From the filing:
The June 7, 2016 Declaration of John Evans (“Evans Declaration”) (Dkt. No. 17) indicates that the New Balance term sheet did not include a provision allowing New Balance to reduce Mr. Berian’s compensation in the event he did not meet a specified level of performance. Putting aside the fact that this is the first time Defendant has provided any information on this issue, the declaration is nonetheless factually vague in that it does not address whether New Balance intended to apply reductions based on other factors (e.g., frequency of performance).
Nike also spent a lot of time saying that while they agreed to let Berian wear the Big Bear singlet in US competitions, they only did so when it wasn’t sponsored by New Balance. They don’t feel like he should be allowed to compete in a singlet with New Balance on it if he ends up being a Nike athlete.
From the filing:
The affiliation clause merely provided that Defendant would be permitted to “wear the official uniform and footwear of the Big Bear Track Club in all domestic competitions.” And at the time the New Balance Offer was made, the only official element of the Big Bear Track Club uniform was a Big Bear Track Club badge. Nike was not provided any information suggesting that New Balance was an official sponsor of Big Bear Track Club at that time…..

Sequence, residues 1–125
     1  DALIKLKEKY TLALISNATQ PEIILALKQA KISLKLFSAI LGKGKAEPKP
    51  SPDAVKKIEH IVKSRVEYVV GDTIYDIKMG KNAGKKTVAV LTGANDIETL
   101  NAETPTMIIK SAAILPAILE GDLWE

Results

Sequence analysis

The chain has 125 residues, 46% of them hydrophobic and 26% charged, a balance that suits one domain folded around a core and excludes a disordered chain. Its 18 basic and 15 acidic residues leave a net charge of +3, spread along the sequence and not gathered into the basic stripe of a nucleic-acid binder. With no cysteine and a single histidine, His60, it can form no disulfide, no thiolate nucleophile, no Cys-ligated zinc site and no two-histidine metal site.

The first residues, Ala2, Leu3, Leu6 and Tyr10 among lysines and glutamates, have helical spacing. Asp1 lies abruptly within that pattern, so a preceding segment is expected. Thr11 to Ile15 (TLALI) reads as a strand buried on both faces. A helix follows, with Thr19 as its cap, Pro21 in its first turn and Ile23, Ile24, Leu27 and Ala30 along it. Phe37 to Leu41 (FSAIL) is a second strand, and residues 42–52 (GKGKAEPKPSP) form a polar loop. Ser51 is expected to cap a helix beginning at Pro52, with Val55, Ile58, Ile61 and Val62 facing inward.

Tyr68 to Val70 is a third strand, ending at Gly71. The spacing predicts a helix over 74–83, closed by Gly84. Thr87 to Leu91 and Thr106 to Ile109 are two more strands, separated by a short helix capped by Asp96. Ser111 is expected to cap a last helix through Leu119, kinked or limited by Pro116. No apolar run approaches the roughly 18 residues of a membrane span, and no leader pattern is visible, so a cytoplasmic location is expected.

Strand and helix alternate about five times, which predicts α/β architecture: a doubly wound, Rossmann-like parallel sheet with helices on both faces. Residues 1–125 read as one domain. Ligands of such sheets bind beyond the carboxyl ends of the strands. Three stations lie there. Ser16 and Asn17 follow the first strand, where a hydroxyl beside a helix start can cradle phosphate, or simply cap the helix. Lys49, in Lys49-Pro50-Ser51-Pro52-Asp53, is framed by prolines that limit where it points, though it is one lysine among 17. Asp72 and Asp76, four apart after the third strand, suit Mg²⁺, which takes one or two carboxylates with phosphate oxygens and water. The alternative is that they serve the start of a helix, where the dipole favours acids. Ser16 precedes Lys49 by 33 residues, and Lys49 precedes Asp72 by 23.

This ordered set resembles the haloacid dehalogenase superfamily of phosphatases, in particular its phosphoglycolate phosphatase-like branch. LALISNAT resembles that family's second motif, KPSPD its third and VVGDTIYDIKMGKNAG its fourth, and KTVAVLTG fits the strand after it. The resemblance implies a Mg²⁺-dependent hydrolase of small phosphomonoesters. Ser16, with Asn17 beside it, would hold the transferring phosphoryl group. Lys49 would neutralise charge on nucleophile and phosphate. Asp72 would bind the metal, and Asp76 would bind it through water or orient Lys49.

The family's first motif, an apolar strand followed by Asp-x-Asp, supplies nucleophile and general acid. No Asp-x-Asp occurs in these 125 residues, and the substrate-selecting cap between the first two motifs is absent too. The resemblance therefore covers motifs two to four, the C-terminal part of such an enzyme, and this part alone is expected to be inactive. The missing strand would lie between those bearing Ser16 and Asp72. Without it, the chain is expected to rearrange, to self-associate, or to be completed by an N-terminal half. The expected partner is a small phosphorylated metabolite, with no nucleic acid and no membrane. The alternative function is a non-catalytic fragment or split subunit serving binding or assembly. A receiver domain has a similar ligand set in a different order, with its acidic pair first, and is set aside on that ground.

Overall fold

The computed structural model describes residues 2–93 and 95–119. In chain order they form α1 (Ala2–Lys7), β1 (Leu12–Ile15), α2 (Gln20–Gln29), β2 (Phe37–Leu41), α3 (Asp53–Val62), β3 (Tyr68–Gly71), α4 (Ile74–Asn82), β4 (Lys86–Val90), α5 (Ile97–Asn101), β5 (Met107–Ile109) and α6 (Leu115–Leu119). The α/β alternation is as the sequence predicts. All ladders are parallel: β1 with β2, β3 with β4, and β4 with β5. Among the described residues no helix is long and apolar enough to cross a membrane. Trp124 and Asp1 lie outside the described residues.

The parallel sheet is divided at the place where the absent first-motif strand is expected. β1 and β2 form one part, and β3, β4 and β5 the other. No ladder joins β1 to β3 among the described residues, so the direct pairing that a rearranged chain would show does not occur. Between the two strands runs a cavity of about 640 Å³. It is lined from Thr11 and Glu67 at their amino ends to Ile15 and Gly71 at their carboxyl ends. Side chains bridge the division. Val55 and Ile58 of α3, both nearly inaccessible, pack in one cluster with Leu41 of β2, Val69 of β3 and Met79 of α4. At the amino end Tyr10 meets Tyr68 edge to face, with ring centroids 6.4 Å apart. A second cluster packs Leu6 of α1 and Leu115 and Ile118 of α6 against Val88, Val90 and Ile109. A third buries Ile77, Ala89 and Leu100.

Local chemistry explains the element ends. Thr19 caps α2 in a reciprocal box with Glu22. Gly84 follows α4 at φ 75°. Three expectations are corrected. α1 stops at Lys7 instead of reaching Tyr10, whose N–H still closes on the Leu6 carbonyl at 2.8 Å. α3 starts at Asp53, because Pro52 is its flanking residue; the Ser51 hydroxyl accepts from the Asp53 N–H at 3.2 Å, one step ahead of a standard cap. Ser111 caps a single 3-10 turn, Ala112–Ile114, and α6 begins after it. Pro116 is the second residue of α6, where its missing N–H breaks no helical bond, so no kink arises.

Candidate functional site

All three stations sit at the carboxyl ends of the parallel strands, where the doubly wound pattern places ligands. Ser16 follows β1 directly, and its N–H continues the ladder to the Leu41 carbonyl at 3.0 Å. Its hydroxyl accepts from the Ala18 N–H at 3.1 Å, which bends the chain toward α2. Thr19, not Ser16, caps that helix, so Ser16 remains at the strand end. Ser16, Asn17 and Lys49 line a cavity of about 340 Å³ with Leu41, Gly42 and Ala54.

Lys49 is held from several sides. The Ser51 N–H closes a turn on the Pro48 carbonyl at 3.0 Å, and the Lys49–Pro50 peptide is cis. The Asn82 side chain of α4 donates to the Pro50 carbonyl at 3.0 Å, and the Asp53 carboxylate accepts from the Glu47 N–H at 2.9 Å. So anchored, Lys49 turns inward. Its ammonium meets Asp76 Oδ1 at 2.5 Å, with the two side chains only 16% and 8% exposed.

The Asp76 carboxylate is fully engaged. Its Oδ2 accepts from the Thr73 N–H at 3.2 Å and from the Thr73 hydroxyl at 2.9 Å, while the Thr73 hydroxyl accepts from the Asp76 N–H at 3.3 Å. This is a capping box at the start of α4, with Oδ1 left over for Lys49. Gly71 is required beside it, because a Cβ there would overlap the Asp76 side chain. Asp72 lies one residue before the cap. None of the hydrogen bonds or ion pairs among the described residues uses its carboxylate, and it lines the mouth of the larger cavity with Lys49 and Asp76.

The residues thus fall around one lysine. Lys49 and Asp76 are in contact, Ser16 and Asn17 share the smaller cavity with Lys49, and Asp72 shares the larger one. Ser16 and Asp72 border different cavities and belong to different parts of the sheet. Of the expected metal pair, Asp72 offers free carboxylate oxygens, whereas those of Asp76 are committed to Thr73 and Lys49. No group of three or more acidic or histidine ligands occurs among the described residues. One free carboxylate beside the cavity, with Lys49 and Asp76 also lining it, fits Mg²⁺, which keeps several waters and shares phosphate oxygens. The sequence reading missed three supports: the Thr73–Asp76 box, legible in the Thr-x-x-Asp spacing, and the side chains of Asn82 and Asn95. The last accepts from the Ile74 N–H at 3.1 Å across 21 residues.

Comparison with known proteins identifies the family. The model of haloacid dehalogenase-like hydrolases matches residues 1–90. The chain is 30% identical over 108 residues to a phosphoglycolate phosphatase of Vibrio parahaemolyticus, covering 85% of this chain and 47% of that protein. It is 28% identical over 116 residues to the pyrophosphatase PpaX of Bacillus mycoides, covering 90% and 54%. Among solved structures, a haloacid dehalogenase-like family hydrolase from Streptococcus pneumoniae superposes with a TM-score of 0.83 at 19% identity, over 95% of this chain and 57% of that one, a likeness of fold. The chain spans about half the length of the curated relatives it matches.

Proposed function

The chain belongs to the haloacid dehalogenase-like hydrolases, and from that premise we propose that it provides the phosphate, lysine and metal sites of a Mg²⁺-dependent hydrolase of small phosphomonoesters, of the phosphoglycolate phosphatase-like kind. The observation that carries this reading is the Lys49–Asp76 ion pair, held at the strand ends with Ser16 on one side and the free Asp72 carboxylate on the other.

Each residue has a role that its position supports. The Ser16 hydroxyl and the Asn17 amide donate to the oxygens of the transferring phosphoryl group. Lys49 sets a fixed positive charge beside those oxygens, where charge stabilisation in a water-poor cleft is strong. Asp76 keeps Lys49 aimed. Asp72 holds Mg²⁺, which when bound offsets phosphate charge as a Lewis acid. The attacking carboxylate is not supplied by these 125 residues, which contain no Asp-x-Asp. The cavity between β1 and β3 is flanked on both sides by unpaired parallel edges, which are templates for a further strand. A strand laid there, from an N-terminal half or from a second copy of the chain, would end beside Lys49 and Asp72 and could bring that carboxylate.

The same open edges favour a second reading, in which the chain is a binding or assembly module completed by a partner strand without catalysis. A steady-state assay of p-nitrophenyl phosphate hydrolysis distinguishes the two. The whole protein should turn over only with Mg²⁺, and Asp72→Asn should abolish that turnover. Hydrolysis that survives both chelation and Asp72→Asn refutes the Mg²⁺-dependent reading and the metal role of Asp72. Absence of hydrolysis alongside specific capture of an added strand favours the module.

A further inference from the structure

Second, to the extent Defendant is arguing that, in order to match the New Balance Offer, Nike had to allow Defendant to compete in New Balance apparel and footwear at the Olympics and Olympic Trials, Defendant’s argument is wrong as a matter of law. Interpreted in this way, the affiliation provision of the New Balance Offer would have clearly been inserted to undermine the very purpose of Nike’s endorsement relationship with Defendant, and thus would have been an unenforceable “poison pill.”
You can read Nike’s response in its entirety here.
LetsRun.com’s Analysis: We want to see the TRO issued by the judge before we comment too much but Handler clearly wasn’t pleased with yesterday’s ruling, so it’s definitely a positive for Nike.
Berian had already withdrawn from all competitions before the Trials (he was scheduled to run a 400 and a 600), so in practical terms it doesn’t mean much to Berian. But it had to be a jolt to him and show him a) this could go on for a while and b) he could lose in federal court. The pressure for Berian to settle with Nike has increased a little for sure. At the same time, his team hasn’t even filed its initial response to the Nike complaint. Does this now start to affect his preparations for the Trials?
Nike may actually want this to continue for the short term and to use discovery to try to get its hands on some of its competitors’ contracts and see how New Balance conducts its negotiations (by reading emails between Berian’s agent, Merhawi Keflezighi, and New Balance).
Talk about the lawsuit on our world famous fan forum / messageboard: Official Discussion Thread For Boris Berian’s Contract Dispute.